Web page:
The degree of unreasonableness of this estimate has to do with several issues. First, can you get a laser this powerful? Sure. Off-the-shelf industrial laser diodes are available at 10 kW. (The Army even put one on a truck as a weapon.) Doubling or tripling that number should be within the reach of current technology. How about the fact that the laser will be a little sloppy, or in any case it won’t exactly cover the 1 cm2 chip? OK, let’s gang together a half dozen of these diodes and point them upward in parallel, maybe with the help of an array of precisely steered mirrors. That’s less than six trucks worth of electronics, if we extrapolate from the Army’s design. What about the fact that directing nearly 20 kW worth of laser power would probably vaporize the little chipsat in an instant? Now that’s a good question.
The answer lies with the technology of dielectric mirrors. It turns out that reflecting off metal always incurs losses. The photon that reaches the surface of the metal induces a little electromagnetic response in the metal, which then releases a new photon. That process involves some loss of energy because of the unavoidable electrical resistance of the metal. A dielectric mirror literally reflects the same photons, with no such electromagnetic response (they can’t respond that way; they’re not electrical conductors). Dielectric mirrors reflect better than 99.999% of the incident light, but only in narrow bands. Well, conveniently, laser light has exactly one wavelength. That’s as narrow as it gets. This near-perfect reflection leaves only 0.17412 Watts behind, only about 70% more power than sunlight at Earth’s distance to the Sun. In short, I’d expect the chipsat to get less than twice as hot as if we just left it sitting out in the sun.
It’s also hard for this system to deal with Earth’s atmosphere. Wind gusts would blow the chip around, forcing it off the beam. (Dr. Leik Myrabo’s Lightcraft had a related problem during their White Sands tests, although the physics are entirely different from what I’m proposing here.) Setting aside atmospheric disturbances for a moment, let’s consider the problem of beam divergence, the tendency of the beam to spread out. It’s going to happen. And it happens in proportion to the wavelength. Say we use a 500 nm (green) laser. After a 1 cm narrowest point, which the laser folks call the “waist,” the beam diverges with an angle of 0.000016 radians. After 628 m, the beam has spread out to twice that thickness, so that its intensity is only a quarter of what it was when the beam was 1 cm wide. The beam becomes so weak that the initially high acceleration peters out, and the chipsat reaches only about 117 m/s. Maybe more important, the beam attenuates while the spacecraft is still close to the Earth. That is, the beam weakens faster than gravity does, which means that the chipsat falls back to Earth (in fact, it would hover at some distance above the ground, where gravity balances the photon pressure of the laser).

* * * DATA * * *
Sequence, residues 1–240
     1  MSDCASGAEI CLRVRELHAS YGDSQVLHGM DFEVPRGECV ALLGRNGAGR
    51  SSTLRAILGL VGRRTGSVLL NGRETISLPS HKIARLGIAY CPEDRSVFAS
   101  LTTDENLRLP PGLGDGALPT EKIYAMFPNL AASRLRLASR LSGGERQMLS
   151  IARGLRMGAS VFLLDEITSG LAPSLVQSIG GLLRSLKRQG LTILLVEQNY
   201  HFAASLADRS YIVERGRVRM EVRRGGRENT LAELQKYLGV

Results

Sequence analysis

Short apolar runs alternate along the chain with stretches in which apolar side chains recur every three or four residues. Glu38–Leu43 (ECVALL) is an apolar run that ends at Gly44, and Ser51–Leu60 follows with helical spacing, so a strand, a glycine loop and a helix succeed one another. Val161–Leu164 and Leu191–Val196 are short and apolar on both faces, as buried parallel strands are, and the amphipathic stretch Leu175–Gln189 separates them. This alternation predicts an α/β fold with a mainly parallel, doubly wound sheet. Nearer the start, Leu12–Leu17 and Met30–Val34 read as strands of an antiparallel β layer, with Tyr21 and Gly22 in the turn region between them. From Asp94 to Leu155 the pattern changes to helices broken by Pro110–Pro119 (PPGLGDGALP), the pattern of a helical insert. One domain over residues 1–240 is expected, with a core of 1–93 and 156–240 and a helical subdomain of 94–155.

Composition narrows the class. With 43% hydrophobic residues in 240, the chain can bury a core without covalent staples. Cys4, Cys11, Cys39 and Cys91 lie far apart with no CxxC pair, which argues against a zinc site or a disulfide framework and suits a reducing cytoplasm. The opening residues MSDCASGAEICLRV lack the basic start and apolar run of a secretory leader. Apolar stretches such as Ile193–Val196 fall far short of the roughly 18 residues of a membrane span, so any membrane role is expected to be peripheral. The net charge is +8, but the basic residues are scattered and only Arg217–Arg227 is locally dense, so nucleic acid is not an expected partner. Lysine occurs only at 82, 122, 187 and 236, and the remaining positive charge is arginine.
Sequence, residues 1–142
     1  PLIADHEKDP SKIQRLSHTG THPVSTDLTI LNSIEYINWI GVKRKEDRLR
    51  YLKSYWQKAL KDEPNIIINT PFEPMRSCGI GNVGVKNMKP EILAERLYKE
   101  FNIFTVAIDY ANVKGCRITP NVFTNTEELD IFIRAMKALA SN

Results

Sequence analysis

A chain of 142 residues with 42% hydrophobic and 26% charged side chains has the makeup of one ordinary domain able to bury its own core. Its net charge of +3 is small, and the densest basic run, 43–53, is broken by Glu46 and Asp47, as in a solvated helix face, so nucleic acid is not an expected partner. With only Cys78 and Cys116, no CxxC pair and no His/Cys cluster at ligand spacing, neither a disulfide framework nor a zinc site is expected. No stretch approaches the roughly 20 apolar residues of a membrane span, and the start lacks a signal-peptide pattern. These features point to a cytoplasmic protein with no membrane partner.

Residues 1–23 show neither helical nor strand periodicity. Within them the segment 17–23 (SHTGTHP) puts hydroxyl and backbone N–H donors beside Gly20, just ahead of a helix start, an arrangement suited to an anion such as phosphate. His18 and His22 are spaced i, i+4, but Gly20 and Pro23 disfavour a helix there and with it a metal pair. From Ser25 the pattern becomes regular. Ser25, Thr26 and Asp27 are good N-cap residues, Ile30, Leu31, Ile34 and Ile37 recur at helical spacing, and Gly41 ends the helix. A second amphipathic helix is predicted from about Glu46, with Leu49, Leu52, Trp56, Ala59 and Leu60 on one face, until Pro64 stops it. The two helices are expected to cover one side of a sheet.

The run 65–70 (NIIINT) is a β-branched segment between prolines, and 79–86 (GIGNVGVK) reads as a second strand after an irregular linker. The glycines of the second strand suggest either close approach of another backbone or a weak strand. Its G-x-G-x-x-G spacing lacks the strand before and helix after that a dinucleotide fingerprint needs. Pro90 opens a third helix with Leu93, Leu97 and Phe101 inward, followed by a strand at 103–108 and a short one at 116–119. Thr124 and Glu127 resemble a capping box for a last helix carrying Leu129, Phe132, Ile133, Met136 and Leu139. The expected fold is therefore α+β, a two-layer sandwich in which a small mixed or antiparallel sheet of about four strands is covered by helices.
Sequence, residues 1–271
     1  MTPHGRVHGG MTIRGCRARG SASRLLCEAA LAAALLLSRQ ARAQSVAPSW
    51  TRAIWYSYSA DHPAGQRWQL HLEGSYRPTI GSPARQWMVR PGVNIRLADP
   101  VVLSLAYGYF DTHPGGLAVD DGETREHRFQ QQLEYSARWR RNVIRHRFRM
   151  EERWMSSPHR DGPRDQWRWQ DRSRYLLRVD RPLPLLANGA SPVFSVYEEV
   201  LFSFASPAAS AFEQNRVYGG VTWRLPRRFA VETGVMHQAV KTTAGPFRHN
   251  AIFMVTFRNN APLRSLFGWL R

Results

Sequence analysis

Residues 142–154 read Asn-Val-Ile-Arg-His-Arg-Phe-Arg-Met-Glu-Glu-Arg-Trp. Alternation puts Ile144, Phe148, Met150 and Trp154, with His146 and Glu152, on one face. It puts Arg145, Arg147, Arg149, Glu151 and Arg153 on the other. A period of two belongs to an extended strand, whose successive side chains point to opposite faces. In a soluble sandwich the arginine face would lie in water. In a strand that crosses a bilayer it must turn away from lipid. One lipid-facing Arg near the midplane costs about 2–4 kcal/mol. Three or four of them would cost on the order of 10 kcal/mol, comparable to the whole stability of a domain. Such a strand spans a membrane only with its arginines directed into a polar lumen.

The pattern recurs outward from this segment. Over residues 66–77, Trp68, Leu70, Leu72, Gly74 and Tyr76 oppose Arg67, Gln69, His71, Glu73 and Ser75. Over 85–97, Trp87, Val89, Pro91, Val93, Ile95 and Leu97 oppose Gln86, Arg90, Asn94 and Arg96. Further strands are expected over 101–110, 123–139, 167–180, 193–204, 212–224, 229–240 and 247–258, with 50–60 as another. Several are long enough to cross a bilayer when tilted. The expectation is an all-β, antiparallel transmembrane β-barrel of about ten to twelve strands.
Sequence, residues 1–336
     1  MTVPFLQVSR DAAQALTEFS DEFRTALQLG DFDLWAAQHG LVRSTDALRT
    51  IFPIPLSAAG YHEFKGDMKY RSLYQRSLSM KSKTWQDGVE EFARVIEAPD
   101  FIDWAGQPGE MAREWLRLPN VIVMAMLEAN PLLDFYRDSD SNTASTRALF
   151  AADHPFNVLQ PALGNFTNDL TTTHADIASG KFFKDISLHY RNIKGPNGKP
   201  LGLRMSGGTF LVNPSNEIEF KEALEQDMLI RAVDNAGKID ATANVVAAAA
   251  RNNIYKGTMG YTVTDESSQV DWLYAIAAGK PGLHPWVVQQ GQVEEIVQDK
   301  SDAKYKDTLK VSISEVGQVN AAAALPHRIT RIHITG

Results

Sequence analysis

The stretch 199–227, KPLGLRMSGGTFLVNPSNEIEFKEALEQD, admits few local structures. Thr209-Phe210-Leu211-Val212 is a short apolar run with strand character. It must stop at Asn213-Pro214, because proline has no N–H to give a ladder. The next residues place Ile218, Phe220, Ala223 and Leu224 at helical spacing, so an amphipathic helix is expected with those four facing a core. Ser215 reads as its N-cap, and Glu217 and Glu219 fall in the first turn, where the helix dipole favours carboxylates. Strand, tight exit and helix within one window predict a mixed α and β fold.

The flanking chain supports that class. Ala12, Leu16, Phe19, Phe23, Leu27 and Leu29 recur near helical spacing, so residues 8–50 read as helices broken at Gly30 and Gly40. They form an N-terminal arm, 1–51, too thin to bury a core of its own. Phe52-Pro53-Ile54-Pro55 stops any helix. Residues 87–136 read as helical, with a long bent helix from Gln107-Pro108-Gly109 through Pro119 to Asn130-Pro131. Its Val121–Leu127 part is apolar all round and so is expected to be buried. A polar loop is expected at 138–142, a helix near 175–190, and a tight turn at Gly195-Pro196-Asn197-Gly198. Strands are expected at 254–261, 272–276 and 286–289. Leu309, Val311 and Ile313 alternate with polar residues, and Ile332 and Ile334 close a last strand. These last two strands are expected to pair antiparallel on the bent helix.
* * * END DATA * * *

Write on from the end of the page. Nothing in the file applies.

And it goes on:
Two ways to address this problem. Assuming that only modest adjustments in wavelength are possible (so, we’ll assume they don’t help), we adjust the optics, widening the beam as much as possible. If it can be widened to 10 m, the photon acceleration drops slower than gravity. However, this approach is flawed because the intensity is much lower, and 1 g can’t be achieved to begin with.
The second way is to start in space (and now we don’t have to deal with the atmosphere), with a wide beam, say 10 m (a hundred-fold increase). Now the chipsat can accelerate for much longer, reaching 10 times that speed eventually. Another hundred-fold increase in beamwidth (not really possible) provides another factor of 10 increase in speed.
Increasing the beam width won’t get us what we want. It attenuates the power too much. To make the chipsat more effective, we have to change its lightness number, i.e its surface-area-to-mass ratio. Let’s add a skirt, a sort of tiny solar sail, made from that Dupont material, perhaps supported by the chipsat’s own 5 cm antennas, for a 28 cm square patch of thin material. With a density of about 1420 kg/m3, that patch adds only 0.11 mg, an increase so tiny that we can neglect it in the following calculations. And let’s set the beam width at the same number, 28 cm.
Now the chipsat accelerates to LEO escape velocity (11030 m/s) after about 3 hours’ laser firing. And we really don’t need a half dozen lasers after all. The diverging beam actually helps in that regard, bathing the chipsat in ever-widening laser light as it accelerates along the beam, despite whatever imprecision there may be.
So, that’s one way to create an interplanetary satellite-on-a-chip, using what amounts to current laser technology, if we can afford to launch such a laser into orbit and power it. Again, it should be about the size of a large truck, with a solar array not far from what NASA will be building for the asteroid rendezvous mission. But once you do, you can send an unlimited number of chipsats on interplanetary trajectories. And chip the light fantastic.